For those who relish watching the old put the young in their place, last week was spectacular like a sparkly, diamond-encrusted cane waving grandly over a pristine lawn. Picture the kids as a scheming John Ross Ewing, and the aged as a craggy but still spry J.R. Ewing, and J.R. is holding a shaving razor to John Ross’s throat and cackling over this foolish youngster’s plan to steal the Southfork family ranch out from under his well-worn hat. That’s right, even Dallas references have cultural currency amid these recent, wrinkly finger-wagging developments, which include singer-songwriter turned professor David Lowery scorching a 21-year-old NPR intern because her music buying habits line up with practically every other 21-year-old on the planet; an elderly school bus monitor being cruelly mocked by sadistic children and subsequently turning her half-million tears into as many dollars with the help of (surprise twist!) those kid-friendly tweet machines; and Aaron Sorkin using his Jeff Daniels–shaped avatar to lecture college students about how great America was before they were born in HBO’s The Newsroom.
Now it suddenly makes sense that the grumpiest, grumbliest, and most craven band of the alt-rock era has returned with a new album and, perhaps, its most cynical parody of/pandering to contemporary-ish pop trends yet. The band is SoCal pop-punk also-ran The Offspring, the album is Days Go By, and the song is "Cruising California (Bumpin’ in My Trunk)."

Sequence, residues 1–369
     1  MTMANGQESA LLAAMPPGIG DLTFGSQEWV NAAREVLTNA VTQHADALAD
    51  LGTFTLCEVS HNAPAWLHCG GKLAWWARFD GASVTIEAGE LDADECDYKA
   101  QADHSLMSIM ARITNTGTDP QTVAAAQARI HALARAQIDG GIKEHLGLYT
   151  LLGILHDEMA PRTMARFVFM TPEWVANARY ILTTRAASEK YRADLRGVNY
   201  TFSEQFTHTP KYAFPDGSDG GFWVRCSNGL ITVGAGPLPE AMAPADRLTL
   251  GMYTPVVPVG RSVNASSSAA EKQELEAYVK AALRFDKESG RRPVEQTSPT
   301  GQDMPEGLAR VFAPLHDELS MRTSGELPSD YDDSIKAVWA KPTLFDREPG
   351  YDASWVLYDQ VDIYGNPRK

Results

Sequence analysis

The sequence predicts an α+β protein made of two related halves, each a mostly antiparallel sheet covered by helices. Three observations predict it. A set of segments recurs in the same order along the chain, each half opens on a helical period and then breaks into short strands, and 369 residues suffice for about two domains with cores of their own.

Oh man, this song — this godforsaken plague of caboose-waving and Tupac quotes, this diabolical mind parasite that wipes out memory banks upon first contact, this opportunistic slab o' ear disinfectant that embodies what it’s supposedly eviscerating. I could try to think of a colorful way to describe how bad "Cruising California" is — it’s the sound of a rockin’ dad making disturbingly rambunctious love to a rappin’ granny — but ultimately it is something we must all come to terms with in our own way.
"Cruising California" is not reflective of what the majority of Days Go By is like. As per usual, The Offspring deal mainly in blandly competent modern-rock radio product, the sort of plasticky and blindingly shiny singles where the guitars sound like table saws and the vocals are dislodged forcefully from out of the singer’s lower colon. Unlike most groups that have been around as long as it has, The Offspring don’t have an easily identifiable sound that immediately announces itself the way Billie Joe Armstrong’s snotty, perpetually 17-sounding sneer announces a new Green Day song, or Flea’s bass playing and Anthony Kiedis’s whatI’vegotyou’vegottogetitputitinyou razzmatazz herald the latest rickety Chili Peppers single. This makes The Offspring dangerous. The Offspring won’t die — it can’t die — because it is a mutant, taking on the musical characteristics of whatever happens to be popular in mainstream rock at the moment (or several moments ago). Sometimes this is weird, like on 2008’s Rise and Fall, Rage and Grace, which includes a ballad called "Fix You" and another song, “A Lot Like Me,” that sounds like something Chris Martin blew his nose on and discarded during the A Rush of Blood to the Head sessions. On Days Go By, The Offspring copied the Foo Fighters’ genetic code, replicated it, and coldly turned out the title track, a direct lift of "Times Like These." And it worked: "Days Go By” currently rests at no. 5 on the Billboard rock songs chart. Watch your asses, The Black Keys, because you’re next.